Do Not Keep Us In The Dark

Do you remember the third grade science fair project when the kid next to you brought in fully functioning rocket with atmospheric re-entry capability? Yeah, sure, he did it himself. Maybe just a tiny bit of help from a parent.

Don’t be that parent.

Let her learn to fall and get back up.

Don’t repeat everything I say at lessons as if you have to be the translator.

Don’t jump into it when I ask her a question.

Don’t stand there and constantly say, “Oh, come on!”, or “You can do it”, and do not make excuses every time she struggles.

That’s enough of the “do not items”. What can you do? Do tell me things I need to know such as that you were too busy to grab a snack and she has not eaten in 7 hours. Let me know if she had a really tough day at school, if her dog died today, or if she has been diagnosed with any type of issue that can affect her performance or ability to understand.

When a kid struggles, it can be exhausting to us. We will come at her in 20 different ways in a single lesson trying to find a way into that place where she is hiding. I may be tough, comforting, high energy, encouraging, calm, in her face, giving her space, looking for signs of learning challenges, or watching very closely to see if there are tiny signs of other issues in her life. Those are the things I need to know.

Recently a parent would not tell me that a pitcher struggled mightily with ADHD. It was a turning point in our relationship because, finally, I could very quickly dial into this pitcher. We had a great session and accomplished far more than ever. As we were celebrating these results, a kid beside us overheard me, watched the kid jumping and smiling, and within a few minutes the second kid was tugging on my sleeve to tell me that she had ADHD and wanted some of the same medicine. Do you have any idea how exceptional an ADHD kid can be? Don’t ever call it a disability in my presence.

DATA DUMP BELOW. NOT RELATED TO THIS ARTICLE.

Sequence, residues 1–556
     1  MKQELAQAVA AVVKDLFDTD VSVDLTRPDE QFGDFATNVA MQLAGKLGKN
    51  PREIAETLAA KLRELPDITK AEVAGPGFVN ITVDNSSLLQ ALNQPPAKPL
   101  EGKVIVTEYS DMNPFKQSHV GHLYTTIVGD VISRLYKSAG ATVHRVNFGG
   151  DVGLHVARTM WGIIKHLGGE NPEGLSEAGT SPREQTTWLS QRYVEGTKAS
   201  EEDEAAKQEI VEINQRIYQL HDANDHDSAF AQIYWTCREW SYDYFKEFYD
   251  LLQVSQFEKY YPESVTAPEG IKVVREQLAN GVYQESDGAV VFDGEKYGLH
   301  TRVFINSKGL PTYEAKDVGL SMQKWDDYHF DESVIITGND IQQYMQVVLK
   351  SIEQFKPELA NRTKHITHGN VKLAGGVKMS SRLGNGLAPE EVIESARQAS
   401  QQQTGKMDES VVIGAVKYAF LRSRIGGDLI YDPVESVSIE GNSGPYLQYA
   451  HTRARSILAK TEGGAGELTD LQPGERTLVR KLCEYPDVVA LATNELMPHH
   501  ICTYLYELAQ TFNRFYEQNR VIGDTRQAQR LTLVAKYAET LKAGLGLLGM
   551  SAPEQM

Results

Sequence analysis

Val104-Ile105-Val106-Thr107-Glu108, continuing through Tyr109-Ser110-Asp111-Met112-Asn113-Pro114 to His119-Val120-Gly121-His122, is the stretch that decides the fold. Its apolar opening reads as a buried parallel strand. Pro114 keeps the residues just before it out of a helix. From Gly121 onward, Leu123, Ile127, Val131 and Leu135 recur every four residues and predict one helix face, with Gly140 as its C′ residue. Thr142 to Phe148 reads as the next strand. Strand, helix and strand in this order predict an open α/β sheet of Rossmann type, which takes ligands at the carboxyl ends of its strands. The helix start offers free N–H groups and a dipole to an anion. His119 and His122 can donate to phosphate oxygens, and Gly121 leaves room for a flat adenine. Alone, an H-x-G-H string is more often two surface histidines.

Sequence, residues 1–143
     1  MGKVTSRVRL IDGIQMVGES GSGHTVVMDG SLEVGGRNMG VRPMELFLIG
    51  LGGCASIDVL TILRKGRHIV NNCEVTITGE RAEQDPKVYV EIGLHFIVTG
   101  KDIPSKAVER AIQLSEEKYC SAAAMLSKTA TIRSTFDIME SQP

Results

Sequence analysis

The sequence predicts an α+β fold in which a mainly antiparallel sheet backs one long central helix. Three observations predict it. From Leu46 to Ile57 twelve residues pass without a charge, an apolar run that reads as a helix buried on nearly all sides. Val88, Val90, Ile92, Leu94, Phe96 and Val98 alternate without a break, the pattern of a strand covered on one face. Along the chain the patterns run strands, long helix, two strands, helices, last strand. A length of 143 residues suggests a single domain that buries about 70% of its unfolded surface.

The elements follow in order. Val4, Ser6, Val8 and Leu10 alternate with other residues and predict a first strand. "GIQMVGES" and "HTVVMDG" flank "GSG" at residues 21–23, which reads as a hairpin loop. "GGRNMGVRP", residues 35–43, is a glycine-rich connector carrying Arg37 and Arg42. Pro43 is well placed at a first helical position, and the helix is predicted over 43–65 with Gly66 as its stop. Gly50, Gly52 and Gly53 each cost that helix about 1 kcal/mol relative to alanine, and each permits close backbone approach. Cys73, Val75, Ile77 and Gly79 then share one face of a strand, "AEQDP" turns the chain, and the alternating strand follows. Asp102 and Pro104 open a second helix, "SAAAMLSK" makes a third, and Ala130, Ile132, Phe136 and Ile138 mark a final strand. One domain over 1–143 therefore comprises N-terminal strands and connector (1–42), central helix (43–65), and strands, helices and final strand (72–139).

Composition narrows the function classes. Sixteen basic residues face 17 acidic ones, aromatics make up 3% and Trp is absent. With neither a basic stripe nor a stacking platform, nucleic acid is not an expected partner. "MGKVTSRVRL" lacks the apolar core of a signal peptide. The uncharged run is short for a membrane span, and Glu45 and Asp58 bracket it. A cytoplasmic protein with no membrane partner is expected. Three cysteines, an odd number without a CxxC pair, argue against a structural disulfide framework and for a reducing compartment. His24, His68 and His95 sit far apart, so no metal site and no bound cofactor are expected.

If she is just coming back from a stomach bug, I will make sure we take more time for hydration. If she is being bullied at school, we are going to make her feel bullet-proof in a safe space we are creating. If she has body issues, eating disorders, if trauma has occurred in her life, and there are other things that will help us get to know this kid and to identify her needs on this specific day, let us know. Then, stand back and we will help her work through it. The perfectionist needs to be handled in her own way, as does the kid with autism.

I do not have all of the answers, but we have put together an incredible team. In our organization we have a couple of Sports Psychologists, a Counselor, a few Special Education teachers, and a whole bunch of former college pitchers who have personally experienced just about anything you can imagine. I do not have to be that smart, but to surround myself with amazing people with incredible knowledge, talent, and experiences.

We can find answers, but only if you provide honest information and let us allow her learn to work through things. In the process we could uncover a special pitcher and incredible kid, we will become better at our job, and everyone will have so much more fun. The more fun she has, the more she will want to do it.

The more we know about things holding her back the better the chance we can eliminate those barriers. If we are in the dark, we can easily misinterpret her actions, perhaps holding her back significantly or hurting her feelings. That is a fear that makes me lose sleep at night.

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